After becoming an international human rights hero and assuming the new government role as State Counselor, Myanmar’s equivalent to Prime Minister, Aung San Suu Kyi was supposed to be the country’s savior. Recently, however, her name and legacy have instead been in the news because of mass human rights violations perpetrated by the Myanmar military against the country’s Royhinga population. Suu Kyi is the latest in a line of individuals whom the world has admired for their bravery in the face of brutality but, after rising to power and acclaim, have been expected to quickly solve social challenges. The world’s unrealistic expectation of them to bring peace and stability to a region, armed only with their words and awards, may bring attention to the violence and instability in a region, but does little to support effective change.
Suu Kyi is one of the most celebrated human rights icons of our age: Nobel Peace Prize laureate, winner of the Sakharov Prize, recipient of the Presidential Medal of Freedom, and an Amnesty International-recognized prisoner of conscience for more than a decade. Many know her as the resilient woman who spent 15 years under house arrest for organizing rallies and calling for peaceful democratic reform and free elections against the Myanmar dictator in 1988. After decades of international recognition for her humanitarian work, all hopes of her reforming the Myanmar government to prioritize universal human rights have come crashing down.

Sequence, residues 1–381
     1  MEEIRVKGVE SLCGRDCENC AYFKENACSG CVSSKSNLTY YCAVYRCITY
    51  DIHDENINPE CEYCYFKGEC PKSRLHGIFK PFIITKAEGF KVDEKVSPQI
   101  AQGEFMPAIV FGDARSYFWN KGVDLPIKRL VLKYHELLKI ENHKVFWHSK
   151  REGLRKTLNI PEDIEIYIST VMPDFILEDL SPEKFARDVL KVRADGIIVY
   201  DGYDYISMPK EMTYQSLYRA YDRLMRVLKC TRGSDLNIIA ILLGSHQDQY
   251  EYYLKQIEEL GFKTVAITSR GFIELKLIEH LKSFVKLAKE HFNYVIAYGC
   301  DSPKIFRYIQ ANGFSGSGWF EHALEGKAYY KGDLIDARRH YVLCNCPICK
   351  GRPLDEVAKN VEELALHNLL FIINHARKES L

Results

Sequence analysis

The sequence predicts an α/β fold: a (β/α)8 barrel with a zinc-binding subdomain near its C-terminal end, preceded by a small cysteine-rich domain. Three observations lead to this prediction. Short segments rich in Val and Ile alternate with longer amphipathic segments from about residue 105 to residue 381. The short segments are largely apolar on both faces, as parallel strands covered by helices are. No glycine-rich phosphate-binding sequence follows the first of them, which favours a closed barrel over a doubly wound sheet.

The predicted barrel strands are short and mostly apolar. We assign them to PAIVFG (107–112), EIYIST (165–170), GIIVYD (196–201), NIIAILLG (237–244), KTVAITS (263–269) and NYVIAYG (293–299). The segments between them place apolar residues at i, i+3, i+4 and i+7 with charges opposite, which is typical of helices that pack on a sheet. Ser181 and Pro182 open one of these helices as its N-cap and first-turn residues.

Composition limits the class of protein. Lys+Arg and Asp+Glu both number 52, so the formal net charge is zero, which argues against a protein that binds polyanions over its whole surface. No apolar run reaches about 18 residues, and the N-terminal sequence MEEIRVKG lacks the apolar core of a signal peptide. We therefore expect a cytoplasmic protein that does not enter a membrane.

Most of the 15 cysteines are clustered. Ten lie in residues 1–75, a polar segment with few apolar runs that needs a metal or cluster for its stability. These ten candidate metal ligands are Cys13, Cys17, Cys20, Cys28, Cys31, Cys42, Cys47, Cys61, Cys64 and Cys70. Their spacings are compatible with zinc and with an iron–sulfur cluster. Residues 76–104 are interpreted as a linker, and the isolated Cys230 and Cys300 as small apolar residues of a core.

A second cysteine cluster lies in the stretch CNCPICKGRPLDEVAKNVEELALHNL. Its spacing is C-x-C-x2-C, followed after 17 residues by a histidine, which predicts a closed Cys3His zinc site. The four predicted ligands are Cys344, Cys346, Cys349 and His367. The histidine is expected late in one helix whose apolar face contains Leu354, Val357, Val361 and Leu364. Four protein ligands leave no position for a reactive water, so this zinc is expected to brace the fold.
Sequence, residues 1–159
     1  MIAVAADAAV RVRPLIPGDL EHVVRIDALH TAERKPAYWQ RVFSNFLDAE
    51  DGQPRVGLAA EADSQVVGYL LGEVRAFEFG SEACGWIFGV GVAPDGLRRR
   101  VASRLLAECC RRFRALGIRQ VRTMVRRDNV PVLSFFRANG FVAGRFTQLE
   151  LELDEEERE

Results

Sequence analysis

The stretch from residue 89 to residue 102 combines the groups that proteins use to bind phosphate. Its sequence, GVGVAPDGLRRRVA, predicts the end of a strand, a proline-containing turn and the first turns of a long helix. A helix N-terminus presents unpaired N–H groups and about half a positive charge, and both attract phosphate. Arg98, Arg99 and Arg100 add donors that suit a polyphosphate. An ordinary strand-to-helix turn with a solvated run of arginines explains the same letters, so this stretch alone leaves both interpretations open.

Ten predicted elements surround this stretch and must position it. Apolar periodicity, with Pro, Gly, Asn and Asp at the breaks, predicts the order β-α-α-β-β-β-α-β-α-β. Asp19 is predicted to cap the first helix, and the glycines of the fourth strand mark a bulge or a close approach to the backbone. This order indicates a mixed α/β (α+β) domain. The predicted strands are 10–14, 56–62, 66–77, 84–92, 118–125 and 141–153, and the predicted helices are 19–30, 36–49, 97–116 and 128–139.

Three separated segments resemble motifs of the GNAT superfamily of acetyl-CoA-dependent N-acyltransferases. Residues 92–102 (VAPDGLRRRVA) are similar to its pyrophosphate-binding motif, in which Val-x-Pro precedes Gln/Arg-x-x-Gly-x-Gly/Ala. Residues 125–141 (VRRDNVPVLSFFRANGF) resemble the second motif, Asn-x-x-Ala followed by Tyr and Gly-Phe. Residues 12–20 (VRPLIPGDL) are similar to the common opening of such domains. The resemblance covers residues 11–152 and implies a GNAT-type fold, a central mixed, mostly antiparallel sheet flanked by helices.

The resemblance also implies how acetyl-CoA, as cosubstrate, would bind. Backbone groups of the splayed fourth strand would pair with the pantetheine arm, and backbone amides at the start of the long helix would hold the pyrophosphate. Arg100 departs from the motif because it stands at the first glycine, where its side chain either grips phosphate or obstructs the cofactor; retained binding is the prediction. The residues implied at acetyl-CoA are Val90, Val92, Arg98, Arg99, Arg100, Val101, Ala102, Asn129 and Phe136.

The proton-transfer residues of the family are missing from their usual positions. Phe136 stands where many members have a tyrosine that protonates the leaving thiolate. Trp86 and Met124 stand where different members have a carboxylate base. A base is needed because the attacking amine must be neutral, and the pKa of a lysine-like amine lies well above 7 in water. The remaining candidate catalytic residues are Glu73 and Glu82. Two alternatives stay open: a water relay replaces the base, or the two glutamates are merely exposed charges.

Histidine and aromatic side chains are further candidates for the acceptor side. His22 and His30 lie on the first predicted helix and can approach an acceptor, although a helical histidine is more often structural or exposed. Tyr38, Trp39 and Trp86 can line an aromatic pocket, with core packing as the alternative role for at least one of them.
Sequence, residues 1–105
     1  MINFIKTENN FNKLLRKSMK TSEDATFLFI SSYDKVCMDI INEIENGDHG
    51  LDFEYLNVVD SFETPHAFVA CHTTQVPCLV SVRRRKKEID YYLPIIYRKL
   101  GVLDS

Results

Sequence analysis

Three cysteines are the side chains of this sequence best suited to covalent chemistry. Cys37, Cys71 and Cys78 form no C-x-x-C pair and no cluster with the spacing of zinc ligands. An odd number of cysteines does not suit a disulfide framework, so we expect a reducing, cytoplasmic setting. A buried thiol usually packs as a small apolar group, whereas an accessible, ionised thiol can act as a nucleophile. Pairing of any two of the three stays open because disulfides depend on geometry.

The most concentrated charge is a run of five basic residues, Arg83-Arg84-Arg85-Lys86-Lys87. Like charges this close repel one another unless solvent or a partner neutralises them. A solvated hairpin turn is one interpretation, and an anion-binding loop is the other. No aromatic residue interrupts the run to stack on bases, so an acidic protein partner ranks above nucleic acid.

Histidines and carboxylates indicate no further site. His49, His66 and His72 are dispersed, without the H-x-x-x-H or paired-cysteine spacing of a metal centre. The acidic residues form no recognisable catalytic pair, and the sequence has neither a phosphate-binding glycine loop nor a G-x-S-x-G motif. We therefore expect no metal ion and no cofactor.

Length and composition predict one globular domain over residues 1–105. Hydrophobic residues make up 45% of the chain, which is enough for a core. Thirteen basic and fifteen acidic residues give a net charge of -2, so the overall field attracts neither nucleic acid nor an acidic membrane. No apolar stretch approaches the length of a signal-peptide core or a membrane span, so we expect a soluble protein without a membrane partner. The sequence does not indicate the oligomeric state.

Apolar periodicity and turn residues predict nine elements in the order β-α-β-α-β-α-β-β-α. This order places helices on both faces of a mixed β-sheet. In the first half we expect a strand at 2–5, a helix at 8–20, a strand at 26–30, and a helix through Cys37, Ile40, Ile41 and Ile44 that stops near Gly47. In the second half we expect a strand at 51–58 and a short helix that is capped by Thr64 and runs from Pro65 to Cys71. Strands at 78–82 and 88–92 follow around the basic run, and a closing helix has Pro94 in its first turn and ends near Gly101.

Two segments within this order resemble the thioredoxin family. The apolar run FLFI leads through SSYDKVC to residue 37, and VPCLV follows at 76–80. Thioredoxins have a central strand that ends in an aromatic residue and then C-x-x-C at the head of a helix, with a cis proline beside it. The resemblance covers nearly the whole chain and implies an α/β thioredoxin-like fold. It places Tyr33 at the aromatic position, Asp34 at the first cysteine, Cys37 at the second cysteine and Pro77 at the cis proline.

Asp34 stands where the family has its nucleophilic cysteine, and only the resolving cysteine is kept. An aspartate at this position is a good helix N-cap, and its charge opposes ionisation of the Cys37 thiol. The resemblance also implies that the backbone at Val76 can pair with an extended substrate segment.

Since November 2016 organizations including Crisis Group, Human Rights Watch, and Amnesty International have documented and reported devastatingly cruel human rights violations against the Rohingya population in Myanmar. The Rohingya are a Muslim minority living in Myanmar’s Rakhine State; despite being there since the 8th century, they are not recognized by the Myanmar government as an official ethnic group and are denied citizenship. Reporters who have visited the Rakhine state in search of evidence proving systematic violence by the Myanmar military have likened what they have uncovered to the ethnic cleansing in Rwanda and atrocities in the Balkans. Outlined in a new report by the United Nations High Commission, the Myanmar army has carried out a brutal crackdown on ethnic Rohingya Muslims in Rakhine State, including extrajudicial killings, rape, torture, and widespread arson.